Lend a Hand and Get a Leg Up:
One of the first things fans noticed about this new RoboCop is Murphy’s very human hand. The original was all robot from the neck down, but it appears that this version retains more of his organic body than expected. Bionic limbs are further along now than they’ve ever been, but organic regenerative therapies have also come quite a long way. Researchers in the field of prosthetics have started wiring controls for new limbs directly into the nerve endings in muscles left behind after amputations via a “biohybrid bridge” rather than connecting them directly to the brain.(5) While an all-organic BioKnee(6) may be just fine for the common human, if you want a RoboCop, you’ve got to go bionic.
Let’s face it, when we think super-human cyborg, one of the first things that comes to mind is an exoskeleton. You’re not alone, as the U.S. military and D.A.R.P.A. are hard at work on making them a reality. Ideally, the exosuit would increase a soldier’s strength in the field without compromising his mobility. The “Future Force Warrior” suit uses nanomachines in the shoulder that mimic human muscles in order to increase weight-lifting capacity by more than 25%, while an exoskeleton attached to the lower body provides more strength and stability.(4) D.A.R.P.A.’s Warrior Web can be seen in motion below:(7)
All this talk of regenerative medicine and exoskeletons is great, but what about the weapons of future tech? Well, the great (and scary) thing about modern military weapons is that they’re becoming increasingly communicative, tied into a web of data that makes them deadlier than ever while attempting to minimize collateral damage. A lot of modern weaponry isn’t necessarily tailored to an individual soldier, but rather they’re developed with an eye to overall battlefield efficiency. The trend of minimizing “boots on the ground” in favor of “drones in the sky” is one that points away from the development of a RoboCop-type soldier … but that’s not to say there aren’t some cool new toys out there.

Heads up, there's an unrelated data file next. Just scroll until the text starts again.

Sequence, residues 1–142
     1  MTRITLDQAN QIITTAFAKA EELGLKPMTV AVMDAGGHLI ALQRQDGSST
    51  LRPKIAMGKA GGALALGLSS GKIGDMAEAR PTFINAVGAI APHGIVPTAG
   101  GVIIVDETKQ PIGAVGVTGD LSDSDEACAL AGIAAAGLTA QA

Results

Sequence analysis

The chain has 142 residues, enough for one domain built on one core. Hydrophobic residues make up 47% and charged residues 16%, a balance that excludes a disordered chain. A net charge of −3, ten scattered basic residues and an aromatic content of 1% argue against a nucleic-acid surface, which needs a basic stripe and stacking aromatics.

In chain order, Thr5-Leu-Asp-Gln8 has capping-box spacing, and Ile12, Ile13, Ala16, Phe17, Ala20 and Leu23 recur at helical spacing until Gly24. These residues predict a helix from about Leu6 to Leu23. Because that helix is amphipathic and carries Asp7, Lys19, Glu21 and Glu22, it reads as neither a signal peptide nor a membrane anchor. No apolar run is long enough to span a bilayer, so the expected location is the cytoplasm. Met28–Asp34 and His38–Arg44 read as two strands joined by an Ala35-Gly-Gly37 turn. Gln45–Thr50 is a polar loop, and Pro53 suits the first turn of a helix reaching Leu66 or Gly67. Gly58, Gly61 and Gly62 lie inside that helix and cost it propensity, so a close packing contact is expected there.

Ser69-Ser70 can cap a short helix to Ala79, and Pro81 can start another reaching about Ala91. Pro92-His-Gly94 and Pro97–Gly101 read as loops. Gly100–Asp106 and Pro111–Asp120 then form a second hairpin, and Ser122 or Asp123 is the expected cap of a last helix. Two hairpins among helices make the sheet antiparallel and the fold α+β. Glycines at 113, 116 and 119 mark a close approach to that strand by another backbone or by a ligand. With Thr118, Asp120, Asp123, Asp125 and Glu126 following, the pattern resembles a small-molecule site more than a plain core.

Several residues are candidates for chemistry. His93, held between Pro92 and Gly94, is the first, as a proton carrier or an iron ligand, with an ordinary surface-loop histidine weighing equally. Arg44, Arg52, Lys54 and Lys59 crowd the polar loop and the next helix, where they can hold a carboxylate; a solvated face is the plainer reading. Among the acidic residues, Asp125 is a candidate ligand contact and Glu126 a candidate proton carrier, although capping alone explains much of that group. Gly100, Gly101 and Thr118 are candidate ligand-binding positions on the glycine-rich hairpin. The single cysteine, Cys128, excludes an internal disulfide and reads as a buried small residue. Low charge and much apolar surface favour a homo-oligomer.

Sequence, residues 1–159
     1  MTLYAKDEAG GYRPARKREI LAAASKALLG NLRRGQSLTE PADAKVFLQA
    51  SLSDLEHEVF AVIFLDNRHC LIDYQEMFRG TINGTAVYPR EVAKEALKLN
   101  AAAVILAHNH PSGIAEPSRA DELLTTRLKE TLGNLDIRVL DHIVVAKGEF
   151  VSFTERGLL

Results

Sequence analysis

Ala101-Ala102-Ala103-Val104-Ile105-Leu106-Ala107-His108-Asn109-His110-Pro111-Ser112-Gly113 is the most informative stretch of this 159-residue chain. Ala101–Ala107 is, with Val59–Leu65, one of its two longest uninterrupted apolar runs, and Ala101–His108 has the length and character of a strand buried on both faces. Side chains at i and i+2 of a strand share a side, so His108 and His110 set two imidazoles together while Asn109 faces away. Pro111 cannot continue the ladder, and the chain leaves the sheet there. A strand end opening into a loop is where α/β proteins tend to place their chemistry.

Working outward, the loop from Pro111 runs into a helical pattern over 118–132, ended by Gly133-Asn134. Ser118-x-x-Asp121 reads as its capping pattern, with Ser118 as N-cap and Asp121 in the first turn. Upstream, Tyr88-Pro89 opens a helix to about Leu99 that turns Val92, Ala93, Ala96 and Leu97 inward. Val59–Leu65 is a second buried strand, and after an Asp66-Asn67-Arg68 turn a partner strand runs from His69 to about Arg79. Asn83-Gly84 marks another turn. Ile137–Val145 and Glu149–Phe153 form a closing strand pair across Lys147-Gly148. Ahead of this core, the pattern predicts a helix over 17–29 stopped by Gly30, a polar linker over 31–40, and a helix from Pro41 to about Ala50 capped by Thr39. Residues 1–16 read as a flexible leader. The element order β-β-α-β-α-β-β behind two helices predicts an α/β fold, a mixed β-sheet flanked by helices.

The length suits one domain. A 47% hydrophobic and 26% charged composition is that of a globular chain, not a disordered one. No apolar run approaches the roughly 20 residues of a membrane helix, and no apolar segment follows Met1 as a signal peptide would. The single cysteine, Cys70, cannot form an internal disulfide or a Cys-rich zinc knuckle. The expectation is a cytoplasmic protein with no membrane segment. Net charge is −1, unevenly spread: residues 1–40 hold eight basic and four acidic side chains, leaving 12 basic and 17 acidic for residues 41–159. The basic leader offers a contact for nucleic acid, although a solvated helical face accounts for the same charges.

The Navy is expecting to deploy a frickin’ laser on board one of its ships in the Persian Gulf.(8) It’s a bit too big even for RoboCop at present, but who knows, maybe by 2028 it’ll be pocket-sized! The Army is putting emphasis on Cyber Defenders, having graduated the first class of those officers just last month.(9) Again, I don’t expect this to be RoboCop’s bread and butter, but a 21st century cybernetic super-soldier should be able to keep himself virus-free. As far as high-tech weaponry goes, modern S.W.A.T. teams have been using tried-and-true methods for years, with a wide variety of pistols, rifles, shotguns, breaching tools and methods of crowd control at their disposal. It looks like OmniCorp has their own answer to the weapons side of things, so take a look at what they’ll have available in 2028.(10)
When an actual RoboCop will be a reality is anybody’s guess, but the fields of biology and technology are crossing over more than ever these days. Some would say that the next step in human evolution is an entirely artificial one, crafted by our organic minds and implemented alongside our flesh-and-blood systems. I fully expect to see more integration between man and machine as the years go on and our technology gets smaller and smaller while our need to feel connected grows stronger and stronger. Will we ever see a fully realized RoboCop like the ones that appear on screen? Maybe, but we’ll probably see a gradual increase to more tech-integrated human beings first. If we’ve gotten to the point that a RoboCop is needed, then we’ve got much bigger things to worry about.
- 1 – Scientific American, April 2013 “Replanting the Brain’s Forest”
- 2 – http://www.foxnews.com/tech/2011/05/05/5-state-art-military-technologies-helped-bin-laden/
- 3 – Scientific American, June 2013 “Soft Circuits”
- 4 – http://science.howstuffworks.com/ffw1.htm
- 5 – Scientific American, January 2013 “Bionic Connections”
- 6 – http://www.sfexaminer.com/sanfrancisco/biology-trumps-bionics-an-alternative-to-total-knee-replacement/Content?oid=2597307
- 7 – http://www.darpa.mil/NewsEvents/Releases/2013/05/22.aspx
- 8 – http://news.cnet.com/8301-11386_3-57616048-76/military-tech-in-2014-lasers-drones-and-cyberops/
- 9 – http://www.army.mil/article/116564/
- 10 – http://www.omnicorp.com/products/